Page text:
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Influences Of Charles Dickens In The Victorian Era Literature

1447 words - 6 pages

Charles John Huffam Dickens is regarded as one of the most prominent figures in literature, due to his work during the 19th century, referred to as the Victorian Era. Throughout his childhood and adolescence, Dickens endured harrowing experiences that significantly sculpted his approach to writing. The impact of these experiences are apparent in his various works, in which he utilizes literary techniques such as satire and dark humor, in order to provide social commentary on the various flaws of Victorian Era society. Charles Dickens’ literary perspective was significantly influenced by the emotional and psychological ramifications of the time he spent at Warren’s Blacking Factory, his shattered relationship with his mother, and the corruption/individualism he observed as a Parliamentary journalist; all of which are evident in his Victorian Era literary work, Oliver Twist.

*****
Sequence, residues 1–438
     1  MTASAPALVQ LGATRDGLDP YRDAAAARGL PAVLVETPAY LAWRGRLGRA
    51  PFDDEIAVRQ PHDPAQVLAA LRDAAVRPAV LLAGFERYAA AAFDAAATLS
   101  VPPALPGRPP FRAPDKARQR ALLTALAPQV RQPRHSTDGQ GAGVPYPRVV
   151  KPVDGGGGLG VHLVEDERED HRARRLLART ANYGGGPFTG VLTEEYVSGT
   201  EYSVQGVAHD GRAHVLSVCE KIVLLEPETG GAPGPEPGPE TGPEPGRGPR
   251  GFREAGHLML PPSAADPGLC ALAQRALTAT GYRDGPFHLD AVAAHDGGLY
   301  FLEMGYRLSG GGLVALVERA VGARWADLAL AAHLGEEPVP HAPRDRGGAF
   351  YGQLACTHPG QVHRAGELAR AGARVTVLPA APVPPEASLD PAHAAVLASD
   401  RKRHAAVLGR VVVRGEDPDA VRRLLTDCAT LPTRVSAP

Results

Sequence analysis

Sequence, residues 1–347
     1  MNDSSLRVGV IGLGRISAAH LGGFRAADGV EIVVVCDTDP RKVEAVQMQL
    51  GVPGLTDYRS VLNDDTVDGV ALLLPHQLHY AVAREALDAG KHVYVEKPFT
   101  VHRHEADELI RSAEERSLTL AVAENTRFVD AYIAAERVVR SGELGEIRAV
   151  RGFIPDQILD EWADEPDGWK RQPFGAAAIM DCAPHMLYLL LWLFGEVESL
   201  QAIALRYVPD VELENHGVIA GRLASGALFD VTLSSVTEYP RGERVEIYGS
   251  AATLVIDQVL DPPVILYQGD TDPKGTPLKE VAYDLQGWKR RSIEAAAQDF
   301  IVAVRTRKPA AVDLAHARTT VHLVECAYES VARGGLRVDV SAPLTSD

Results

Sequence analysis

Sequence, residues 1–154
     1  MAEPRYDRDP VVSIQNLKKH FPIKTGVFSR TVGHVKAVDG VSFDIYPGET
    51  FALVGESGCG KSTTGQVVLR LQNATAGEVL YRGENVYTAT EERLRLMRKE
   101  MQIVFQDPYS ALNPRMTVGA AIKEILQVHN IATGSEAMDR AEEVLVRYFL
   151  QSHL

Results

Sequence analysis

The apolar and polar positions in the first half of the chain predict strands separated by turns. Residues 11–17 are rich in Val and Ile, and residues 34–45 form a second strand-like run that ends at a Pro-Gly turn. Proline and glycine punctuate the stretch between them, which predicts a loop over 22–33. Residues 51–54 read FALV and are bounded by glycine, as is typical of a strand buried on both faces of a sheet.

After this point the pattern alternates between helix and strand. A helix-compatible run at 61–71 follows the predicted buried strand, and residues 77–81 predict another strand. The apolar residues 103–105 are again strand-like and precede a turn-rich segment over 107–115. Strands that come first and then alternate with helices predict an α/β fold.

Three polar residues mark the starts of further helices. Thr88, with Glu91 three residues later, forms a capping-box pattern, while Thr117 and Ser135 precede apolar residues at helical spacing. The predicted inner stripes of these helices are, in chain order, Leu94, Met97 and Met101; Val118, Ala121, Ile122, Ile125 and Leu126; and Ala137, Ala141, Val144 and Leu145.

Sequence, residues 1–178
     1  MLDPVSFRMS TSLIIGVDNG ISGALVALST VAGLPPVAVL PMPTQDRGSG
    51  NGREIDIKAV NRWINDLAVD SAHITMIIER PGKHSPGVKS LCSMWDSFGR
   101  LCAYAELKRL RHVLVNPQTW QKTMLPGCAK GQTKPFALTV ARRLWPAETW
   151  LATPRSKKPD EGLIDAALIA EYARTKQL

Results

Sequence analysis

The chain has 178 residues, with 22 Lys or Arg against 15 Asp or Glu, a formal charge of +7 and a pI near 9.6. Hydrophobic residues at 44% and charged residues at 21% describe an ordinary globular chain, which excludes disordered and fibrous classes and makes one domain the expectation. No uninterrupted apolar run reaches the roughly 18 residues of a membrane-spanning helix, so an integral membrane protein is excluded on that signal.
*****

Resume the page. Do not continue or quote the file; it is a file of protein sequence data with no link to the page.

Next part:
Dickens’ first significant experience that influenced his novel, Oliver Twist, occurred when he was forced to work at Warren’s Blacking Factory. At the tender age of eleven, Dickens had to work in a boot-blacking factory in order to support his family, after his father, John Dickens, was sent to debtors’ prison in Marshalsea located in London, England (Smith 127). Due to the “Poor Laws” established in England in 1834, Dickens was completely separated from his family and had to withstand the abuse and brutality administered by the workhouse officials. Government bureaucrats ensured that having the poor work at these workhouses would reduce the cost of governing the poor, alleviate beggars, and encourage the poor to work harder to support themselves; however, Dickens championed the denunciation of the Poor Laws with the satirical nature of Oliver Twist (“1834 Poor Laws” 1). Dickens demonstrates, within his novel Oliver Twist, the overall social attitude towards the poor, in which they are considered inherently evil and are subsequently regarded as criminals. For example, in chapter two of Oliver Twist, Oliver makes a daring statement declaring, “Please, Sir, I want some more.” (Dickens 13); referring to the gruel served for supper at the workhouse. In response to this ‘heinous’ act, Dickens mocks the authority figures, represented by Mr. Bumble and other parish board members, who severely punish Oliver for the ‘crime’ of requesting for more food. Dickens continues to describe how Oliver is unjustly treated like a prisoner, where Oliver is given even less gruel, confined to a small coal cellar, and publically beaten. In addition to the physical abuse that he along with many other poor workhouse children had to bear, Dickens was also psychologically tormented, where those who were his caretakers devalued his self-worth. Dickens exhibits the dehumanization of these poor children in chapter two of Oliver Twist, where he delineates how Mr. Bumble formulates names for the children by simply naming them upon their unfortunate arrival in alphabetical order and through this trivial...

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